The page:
In most scRNA-Seq datasets, the total number of UMIs ni for some cells may be significantly less than the constant m. For these cells, the size factors si=ni/m are less than 1. Therefore, after normalization (dividing by size factor), the counts are scaled up to match the target size of m. Due to the discreteness of counts, this introduces a bias after log transformation, if the pseudocount is small (or equivalently, if m is large). For example, let c=1 and m=106 (CPM). If ni=104 for a particular cell, we have si=.01. A raw count of yij=1 for this cell is normalized to 1/.01=100 and transformed to log2(1+100)=6.7. For this cell, on the log scale, there cannot be any values between 0 and 6.7 because fractional UMI counts cannot be observed and log2(1+0)=0. Small pseudocounts and small size factors combined with log transform arbitrarily exaggerate the difference between a zero count and a small nonzero count. As previously shown, this scenario is equivalent to using MAP estimation of πij with a weak prior. To combat this distortion, one may attempt to strengthen the prior to regularize \(\tilde {\pi }_{ij}\) estimation at the cost of additional bias, as advocated by [21]. An extreme case occurs when c=1 and m=1. Here, the prior sample size is Jni, so almost all the weight is on the prior. The transform is then \(\log _{2}(1+\hat {\pi }_{ij})\). But this function is approximately linear on the domain \(0\leq \hat {\pi }_{ij}\leq 1\). After centering and scaling, a linear transformation is vacuous.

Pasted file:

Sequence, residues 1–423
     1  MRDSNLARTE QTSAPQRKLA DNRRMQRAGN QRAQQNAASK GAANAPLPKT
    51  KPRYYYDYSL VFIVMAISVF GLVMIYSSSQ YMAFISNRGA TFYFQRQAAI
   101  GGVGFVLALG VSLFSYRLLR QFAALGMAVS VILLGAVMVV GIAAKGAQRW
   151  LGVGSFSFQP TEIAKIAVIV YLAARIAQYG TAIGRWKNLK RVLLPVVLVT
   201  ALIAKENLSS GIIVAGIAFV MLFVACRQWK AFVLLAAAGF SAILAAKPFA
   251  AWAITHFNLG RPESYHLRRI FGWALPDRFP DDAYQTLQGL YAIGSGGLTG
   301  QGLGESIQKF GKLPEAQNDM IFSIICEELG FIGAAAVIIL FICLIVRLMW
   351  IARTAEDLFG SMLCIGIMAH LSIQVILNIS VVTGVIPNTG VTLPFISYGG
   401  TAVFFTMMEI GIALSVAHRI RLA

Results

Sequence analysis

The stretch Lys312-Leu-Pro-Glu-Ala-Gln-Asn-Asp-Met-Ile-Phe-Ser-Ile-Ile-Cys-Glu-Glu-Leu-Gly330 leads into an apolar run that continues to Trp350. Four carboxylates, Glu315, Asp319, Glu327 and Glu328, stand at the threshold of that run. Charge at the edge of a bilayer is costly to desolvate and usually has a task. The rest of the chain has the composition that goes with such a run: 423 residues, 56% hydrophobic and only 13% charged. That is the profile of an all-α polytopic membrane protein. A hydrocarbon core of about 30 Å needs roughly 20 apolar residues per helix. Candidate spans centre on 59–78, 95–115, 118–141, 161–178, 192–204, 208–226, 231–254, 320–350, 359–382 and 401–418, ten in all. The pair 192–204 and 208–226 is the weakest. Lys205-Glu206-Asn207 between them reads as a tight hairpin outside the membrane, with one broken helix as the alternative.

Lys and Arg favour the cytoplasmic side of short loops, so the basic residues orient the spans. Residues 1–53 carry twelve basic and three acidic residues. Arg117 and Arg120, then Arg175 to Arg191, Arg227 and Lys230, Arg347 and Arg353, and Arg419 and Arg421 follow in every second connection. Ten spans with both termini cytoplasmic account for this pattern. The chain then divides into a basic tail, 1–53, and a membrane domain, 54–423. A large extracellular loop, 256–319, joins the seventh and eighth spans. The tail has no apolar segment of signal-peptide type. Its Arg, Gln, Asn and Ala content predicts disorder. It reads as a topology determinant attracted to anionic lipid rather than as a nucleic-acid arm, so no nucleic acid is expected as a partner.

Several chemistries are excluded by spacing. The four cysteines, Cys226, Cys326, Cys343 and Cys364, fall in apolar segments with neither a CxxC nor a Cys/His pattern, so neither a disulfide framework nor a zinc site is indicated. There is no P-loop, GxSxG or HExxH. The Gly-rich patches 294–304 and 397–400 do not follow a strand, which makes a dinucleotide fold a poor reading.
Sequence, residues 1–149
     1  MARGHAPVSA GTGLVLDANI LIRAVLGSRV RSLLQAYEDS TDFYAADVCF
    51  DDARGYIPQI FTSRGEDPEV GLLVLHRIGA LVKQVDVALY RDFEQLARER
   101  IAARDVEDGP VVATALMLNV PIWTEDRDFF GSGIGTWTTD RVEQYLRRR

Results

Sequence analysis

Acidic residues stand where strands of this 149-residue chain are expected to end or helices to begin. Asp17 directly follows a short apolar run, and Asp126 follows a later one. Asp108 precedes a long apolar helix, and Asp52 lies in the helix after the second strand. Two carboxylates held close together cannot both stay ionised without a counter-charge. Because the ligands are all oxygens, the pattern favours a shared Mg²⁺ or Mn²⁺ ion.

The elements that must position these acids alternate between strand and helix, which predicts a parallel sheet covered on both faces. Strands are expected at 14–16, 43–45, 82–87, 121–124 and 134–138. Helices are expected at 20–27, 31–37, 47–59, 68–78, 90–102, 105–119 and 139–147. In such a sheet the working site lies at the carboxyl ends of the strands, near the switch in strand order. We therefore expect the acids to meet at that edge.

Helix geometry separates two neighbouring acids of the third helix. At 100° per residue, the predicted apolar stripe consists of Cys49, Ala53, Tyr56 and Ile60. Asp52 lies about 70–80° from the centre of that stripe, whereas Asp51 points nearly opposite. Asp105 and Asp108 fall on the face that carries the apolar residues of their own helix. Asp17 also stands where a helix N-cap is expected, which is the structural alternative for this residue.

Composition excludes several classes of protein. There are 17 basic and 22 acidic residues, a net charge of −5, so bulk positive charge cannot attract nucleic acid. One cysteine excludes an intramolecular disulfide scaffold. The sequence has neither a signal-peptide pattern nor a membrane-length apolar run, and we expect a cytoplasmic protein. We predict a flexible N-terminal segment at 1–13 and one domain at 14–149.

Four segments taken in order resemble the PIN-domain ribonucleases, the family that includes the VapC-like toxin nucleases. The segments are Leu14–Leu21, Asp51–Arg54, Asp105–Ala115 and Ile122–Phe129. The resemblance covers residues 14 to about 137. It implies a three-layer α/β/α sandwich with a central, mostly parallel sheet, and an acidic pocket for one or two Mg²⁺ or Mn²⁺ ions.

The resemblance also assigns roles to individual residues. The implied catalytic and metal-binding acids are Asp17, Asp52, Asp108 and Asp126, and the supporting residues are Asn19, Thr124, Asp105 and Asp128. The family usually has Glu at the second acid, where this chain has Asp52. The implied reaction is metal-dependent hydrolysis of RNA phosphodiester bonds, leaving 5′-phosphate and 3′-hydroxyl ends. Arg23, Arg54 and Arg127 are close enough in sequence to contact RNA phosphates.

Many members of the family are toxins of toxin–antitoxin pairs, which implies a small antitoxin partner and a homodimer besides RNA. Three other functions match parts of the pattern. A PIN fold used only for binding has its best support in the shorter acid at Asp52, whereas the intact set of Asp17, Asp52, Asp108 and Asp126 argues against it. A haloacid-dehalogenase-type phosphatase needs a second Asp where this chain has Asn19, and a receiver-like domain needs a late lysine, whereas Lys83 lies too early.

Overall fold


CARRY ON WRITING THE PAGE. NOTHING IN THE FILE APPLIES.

To summarize, log transformation with a weak prior (small size factor, such as CPM) introduces strong artificial distortion between zeros and nonzeros, while log tranformation with a strong prior (large size factor) is roughly equivalent to not log transforming the data.

Generalized PCA

PCA minimizes the mean squared error (MSE) between the data and a low-rank representation, or embedding. Let yij be the raw counts and zij be the normalized and transformed version of yij such as centered and scaled log-CPM (z-scores). The PCA objective function is:

$$\min_{u,v} \sum_{i,j}(z_{ij}-\vec{u}_{i}'\vec{v}_{j})^{2} $$

where \(\vec {u}_{i},\vec {v}_{j}\in \mathbb {R}^{L}\) for i=1,…,I, j=1,…,J. The \(\vec {u}_{i}\) are called factors or principal components, and the \(\vec {v}_{j}\) are called loadings. The number of latent dimensions L controls the complexity of the model. Minimization of the MSE is equivalent to minimizing the Euclidean distance metric between the embedding and the data. It is also equivalent to maximizing the likelihood of a Gaussian model: